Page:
Tuesday, 11 June 2013

Success With An HDMI Booster

Booster boxes do work well. I have known clients go from getting no signal at all from their TV to getting a full HD signal when using a Booster on a 20m long HDMI cable.

Saturday, 8 June 2013

HDMI Over Ethernet

Another useful device is the HDMI over Ethernet extender. This device converts an HDMI cable into Cat5 or Cat6 allowing you to use longer cable runs. Network cables are capable of carrying the signal over longer lengths than HDMI. The downside is the need to use two Ethernet cables. You can get resolutions up to 1080i over 50m using at Cat6 cable. The resolution is reduced as the length increases. Using Cat5e cable will also reduce the resolution.  Try cables2u if you are looking for a long HDMI solution.

You use two adapters, one at each end, you the plug each adaptor into your HD device such as a TV and Cable box, then you link the two adapters together using two Ethernet cables.

Image showing HDMI over Ethernet adapters.

Tuesday, 4 June 2013

Questions Welcome

If you have a question, please leave a post and I will do my best to answer.

Cables2u offer a range of HDMI cables at keen prices.

What To Spend

You can spend an eye watering amount on a long HDMI cable. The most expensive I've seen was a 10m lead for sale at £250. I'm sure it would not take much searching to eclipse that figure. My advice would be to  try a mid priced cable and see how you get on, as mentioned in a previous post; you can always add a booster if you are having problems. Bandridge have a good priced 10m cable which can be purchased for around £70.

The image below shows the Bandridge BVL1210.

This is a version 1.4 High Speed With Ethernet BVL1210 cable found. This lead is fully 3D compatible. It has braided shielding, hard gold plated plugs and is made with 100% copper. These leads actually have a certificate style hologram on the packaging to confirm 3d capability at a given length.
Bandridge are a European company based in Holland. They launched in 1990 and have a great reputation for providing quality cable solutions. They also own  the high end Profigold brand which is distributed world wide.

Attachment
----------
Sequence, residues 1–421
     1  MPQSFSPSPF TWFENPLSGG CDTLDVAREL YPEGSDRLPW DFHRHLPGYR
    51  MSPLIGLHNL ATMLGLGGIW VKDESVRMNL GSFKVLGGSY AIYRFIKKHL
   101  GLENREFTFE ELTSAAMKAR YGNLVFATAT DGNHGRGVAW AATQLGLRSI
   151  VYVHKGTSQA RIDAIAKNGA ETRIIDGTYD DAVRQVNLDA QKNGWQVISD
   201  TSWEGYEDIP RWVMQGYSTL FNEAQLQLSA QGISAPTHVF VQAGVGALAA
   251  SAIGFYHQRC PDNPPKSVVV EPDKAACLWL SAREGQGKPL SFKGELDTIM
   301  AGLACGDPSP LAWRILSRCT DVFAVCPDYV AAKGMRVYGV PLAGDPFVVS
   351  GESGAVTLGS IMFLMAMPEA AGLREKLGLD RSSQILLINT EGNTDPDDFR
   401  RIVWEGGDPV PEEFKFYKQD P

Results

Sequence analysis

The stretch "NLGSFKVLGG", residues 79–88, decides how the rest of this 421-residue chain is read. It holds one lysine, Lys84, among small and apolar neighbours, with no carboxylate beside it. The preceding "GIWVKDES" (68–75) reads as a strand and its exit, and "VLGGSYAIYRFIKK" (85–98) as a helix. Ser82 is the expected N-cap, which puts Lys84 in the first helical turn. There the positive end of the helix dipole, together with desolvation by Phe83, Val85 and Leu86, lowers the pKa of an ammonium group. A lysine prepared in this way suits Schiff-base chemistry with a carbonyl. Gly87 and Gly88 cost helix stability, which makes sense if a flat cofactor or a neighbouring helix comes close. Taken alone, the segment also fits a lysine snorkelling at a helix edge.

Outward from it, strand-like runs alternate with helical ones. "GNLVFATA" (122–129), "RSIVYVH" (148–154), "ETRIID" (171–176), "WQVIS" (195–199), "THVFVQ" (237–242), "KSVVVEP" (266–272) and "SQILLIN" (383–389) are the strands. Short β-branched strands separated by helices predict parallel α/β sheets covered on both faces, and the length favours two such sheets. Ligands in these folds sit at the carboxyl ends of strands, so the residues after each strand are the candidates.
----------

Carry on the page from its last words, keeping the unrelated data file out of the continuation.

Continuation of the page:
Sunday, 2 June 2013

How Long Can A HDMI Cable Be Before It Loses Quality?

A very common question I'm asked is how long can a HDMI cable be. Many people want to move their television to another part of the room, or they may want to run a signal to another TV in another room and are unsure about using a long cable.

A HDMI cable uses power from the sending device to power the cable. Most issues come from the loss of this power. I've experienced issues issues where a 20m cable has worked perfectly on one device but causes picture break up on another.

There is no simple answer to the question of length, it all depends on a number of factors including, the devices you are using, the quality of cable, level of shielding on the cable and other cables or electrical devices in the area that can cause interference.

Longer cable problems may manifest in a few ways, the most common would be picture break up, this is where the screen goes blank or flickers momentarily. Another common problem would be sparkles, this is where you get the odd white pixel appearing on the screen. A totally dead screen could also signal an issue with the cable length.

How To Avoid Issues With Cable Length.

If you are suffering issues when using a long HDMI cable; there are a few things that may help. The first thing you should try is a HDMI booster this a small electronic box with a socket on each side, it amplifies the voltage from the cable and repeats the signal, they are very effective are combating signal loss or picture drop out.

The image below shows a booster.

Another point to consider is buying a cable with ferrite suppressors, these are coils which are usually located a few inches from the end of the cable. They have a minimal effect on reducing interference but they have no effect on signal strength which is the cause of most signal drop out issues.

The image below shows a cable with ferrite suppressors.

It's also worth mentioning HDMI cables with built in repeaters. These are longer cables, usually 20m, 30m and 40m that have a booster box built in. They can be quite expensive and my own preference would always be to try a standard cable first and add a booster if needed.

The image below shows a HDMI cable with built in booster.